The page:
Manufacturers say demand for semiconductor equipment still on uptrend
GEORGE TOWN: At least two major semiconductor test-equipment and sensor manufacturers have raised selling prices to offset the impact of a weaker dollar.
A few other tech manufacturers are maintaining their prices for now to stay competitive in the cut-throat semi-conductor industry where margins are narrow.
The higher prices, they said, would not have an impact as the demand for semiconductor equipment is increasing.
The manufacturers’ optimism is backed by SEMI, the association representing the electronics manufacturing supply chain globally, which projected global semiconductor equipment sales to hit US$60.1bil in 2018, a 7.5% growth from 2017.
Pentamaster Corp Bhd and MMS Ventures Bhd have raised their selling prices while Globetronics Technology Bhd said that their product prices would be adjusted according to the fluctuations in the US dollar.
Pentamaster, a test-equipment manufacturer, has raised its selling price slightly because 80% of the group’s sales are in US dollars.
Group chairman CB Chuah told StarBiz that selling prices were now between US$150,000 and US$600,000, higher than a year ago.
The adjustment is necessary as the ringgit has appreciated by at least 10% compared with the same period in 2017, according to Chuah.
“The price of our equipment is always about 20% below the market price, which gives us ample room to adjust our price upwards. The pricing is still very competitive after the increase,” he added.
“On top of the RM245mil sales we have secured so far, we are also getting enquiries and orders for the second half of the year, particularly from Japanese customers. We can expect the orders to grow by a double-digit percentage this year compared with 2017,” he said.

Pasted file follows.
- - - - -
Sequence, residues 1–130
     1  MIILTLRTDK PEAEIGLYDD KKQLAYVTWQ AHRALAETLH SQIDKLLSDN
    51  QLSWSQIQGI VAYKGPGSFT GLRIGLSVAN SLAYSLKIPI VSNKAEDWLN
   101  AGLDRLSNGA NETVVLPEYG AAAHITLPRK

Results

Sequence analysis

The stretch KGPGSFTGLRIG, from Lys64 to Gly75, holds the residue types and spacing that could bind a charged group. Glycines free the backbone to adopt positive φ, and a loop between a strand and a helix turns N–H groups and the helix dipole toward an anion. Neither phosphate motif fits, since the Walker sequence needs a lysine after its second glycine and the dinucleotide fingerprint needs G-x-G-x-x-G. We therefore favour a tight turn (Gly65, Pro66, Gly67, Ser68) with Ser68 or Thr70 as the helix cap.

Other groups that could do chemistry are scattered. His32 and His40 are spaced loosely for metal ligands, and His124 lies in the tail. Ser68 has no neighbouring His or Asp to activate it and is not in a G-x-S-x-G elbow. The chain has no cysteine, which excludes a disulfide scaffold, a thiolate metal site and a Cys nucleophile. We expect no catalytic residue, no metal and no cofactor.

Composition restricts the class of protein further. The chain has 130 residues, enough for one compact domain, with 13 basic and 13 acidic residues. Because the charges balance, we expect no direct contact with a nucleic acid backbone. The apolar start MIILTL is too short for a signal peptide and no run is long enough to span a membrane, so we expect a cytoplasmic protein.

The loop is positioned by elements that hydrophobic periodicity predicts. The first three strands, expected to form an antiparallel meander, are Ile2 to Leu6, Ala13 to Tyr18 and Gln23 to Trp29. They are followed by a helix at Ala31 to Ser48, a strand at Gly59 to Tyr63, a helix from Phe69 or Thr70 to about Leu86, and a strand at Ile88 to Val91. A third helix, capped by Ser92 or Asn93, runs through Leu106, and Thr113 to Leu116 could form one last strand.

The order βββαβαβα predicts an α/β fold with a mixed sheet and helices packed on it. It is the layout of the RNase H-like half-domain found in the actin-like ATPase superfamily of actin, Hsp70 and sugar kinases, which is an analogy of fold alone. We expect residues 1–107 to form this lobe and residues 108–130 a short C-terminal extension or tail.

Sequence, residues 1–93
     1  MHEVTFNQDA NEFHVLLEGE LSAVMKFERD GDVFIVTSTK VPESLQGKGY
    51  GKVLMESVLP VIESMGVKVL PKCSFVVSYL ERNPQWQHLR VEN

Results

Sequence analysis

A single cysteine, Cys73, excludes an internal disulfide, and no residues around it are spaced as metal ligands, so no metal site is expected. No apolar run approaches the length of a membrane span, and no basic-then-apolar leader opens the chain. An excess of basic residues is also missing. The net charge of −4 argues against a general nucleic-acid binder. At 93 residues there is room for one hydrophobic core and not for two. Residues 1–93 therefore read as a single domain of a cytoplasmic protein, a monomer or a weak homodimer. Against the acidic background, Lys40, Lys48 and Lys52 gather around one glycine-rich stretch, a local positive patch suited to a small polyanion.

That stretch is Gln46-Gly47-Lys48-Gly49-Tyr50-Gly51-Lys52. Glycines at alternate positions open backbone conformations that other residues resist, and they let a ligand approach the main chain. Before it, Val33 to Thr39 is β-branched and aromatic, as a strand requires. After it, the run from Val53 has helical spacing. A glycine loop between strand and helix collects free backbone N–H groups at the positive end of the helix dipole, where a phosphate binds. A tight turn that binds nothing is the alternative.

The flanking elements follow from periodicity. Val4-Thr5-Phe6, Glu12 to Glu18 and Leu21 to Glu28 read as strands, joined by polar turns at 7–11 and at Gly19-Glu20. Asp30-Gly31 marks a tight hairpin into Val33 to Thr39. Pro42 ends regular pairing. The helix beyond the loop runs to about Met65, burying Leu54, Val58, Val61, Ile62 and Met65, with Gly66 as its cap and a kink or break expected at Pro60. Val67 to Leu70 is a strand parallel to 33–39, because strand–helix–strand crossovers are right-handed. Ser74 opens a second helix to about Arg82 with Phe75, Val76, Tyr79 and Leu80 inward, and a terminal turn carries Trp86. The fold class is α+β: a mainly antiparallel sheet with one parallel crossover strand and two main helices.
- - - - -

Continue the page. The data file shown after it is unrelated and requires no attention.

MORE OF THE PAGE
About 60% of Pentamaster’s orders come from the smart sensor segment, while the automotive, semiconductor, medical and consumer electronic sectors make up the remainder.
MMS Ventures managing director T.K. Sia said the group has also revised up its selling price by 8% from about US$250,000 to US$350,000 per unit.
The test equipment that the company produces is used for checking defects in sensors and LED flash.
“About 40% of our orders are direct exports earning US dollars, while the remaining 60% are sold in ringgit to multi-national corporations in the country. This makes it necessary for us to adjust the selling price,” Sia said.
According to Sia, the orders for the first half of 2018 were weaker compared with the previous year’s same period.
“However, we expect business to pick up in June and July when orders for the third quarter start to come in,” Sia said.
Globetronics Technology chief executive officer Datuk Heng Huck Lee said the group had an agreement with its customers that the unit price would be automatically adjusted according to the fluctuations in the foreign exchange.
The company, which produces integrated circuit boards, optoelectronic products and sensors for electronic industry, said 60% of its sales are denominated in US dollars.
“Our margin is dependent on the product mix rather than the US currency alone.